Debating the future of personalisation

When we published a blog post by our head of operations Martin Routledge and other colleagues- 'Personalisation: give up or move on?' - it created real debate and discussion about views on the state of personalisation today.

Martin Routledge, Alex Fox, Miro Griffiths and Vidhya Alakeson asked the question 'Is it a case of give up or move on for personalisation?'

They themselves were inspired to write this blog by the huge amount of current discussion around personalisation in public services - how far it has come and the barriers and challenges being faced.

They noted that for some there is a growing sense of the failure of personalisation, for some: "…the delivery of the policy in social care has been largely unsuccessful and its extension into other areas - especially health, is really unwise".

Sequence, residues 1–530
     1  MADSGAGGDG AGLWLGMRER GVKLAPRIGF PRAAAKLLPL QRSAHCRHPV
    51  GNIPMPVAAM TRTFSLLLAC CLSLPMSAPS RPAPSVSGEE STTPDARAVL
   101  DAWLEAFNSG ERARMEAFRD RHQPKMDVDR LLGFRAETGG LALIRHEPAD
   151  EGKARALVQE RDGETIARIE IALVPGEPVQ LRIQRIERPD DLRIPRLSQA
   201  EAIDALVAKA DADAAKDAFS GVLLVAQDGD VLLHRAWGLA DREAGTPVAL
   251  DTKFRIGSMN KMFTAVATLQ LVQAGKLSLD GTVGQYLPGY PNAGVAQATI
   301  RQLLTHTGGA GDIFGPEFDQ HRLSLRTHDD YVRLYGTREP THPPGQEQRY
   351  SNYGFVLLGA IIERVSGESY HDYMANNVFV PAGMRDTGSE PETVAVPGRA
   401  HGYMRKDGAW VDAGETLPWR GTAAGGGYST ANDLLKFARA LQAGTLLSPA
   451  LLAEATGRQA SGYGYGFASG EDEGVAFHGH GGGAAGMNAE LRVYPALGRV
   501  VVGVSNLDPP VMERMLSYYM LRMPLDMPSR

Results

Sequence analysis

Their reflection was that there are different reasons for these views:

"Some people have a sense of personalisation failing because they are passionate about people getting choice and control and are disappointed that things haven't moved faster or better or included everyone to date".

"Others believe that some of the mechanisms for delivery are not working or not the right approaches"

"Some see personalisation as primarily a government driven agenda or cover for cuts and oppose it for these reasons."

Martin and colleagues share many of these concerns - In Control's helpline gets many emails and calls from people trying to make personalisation work for themselves or their families but finding themselves stuck in a bureaucratic swamp or inflexible rules. Others are experiencing the sometimes dramatic impact of funding cuts. In this situation it is not all surprising that many feel personalisation is not working well.

In Control and partners, as well as supporting individuals and groups, have made strong representation on these issues. An open letter to Care Services Minister, Norman Lamb (link), said;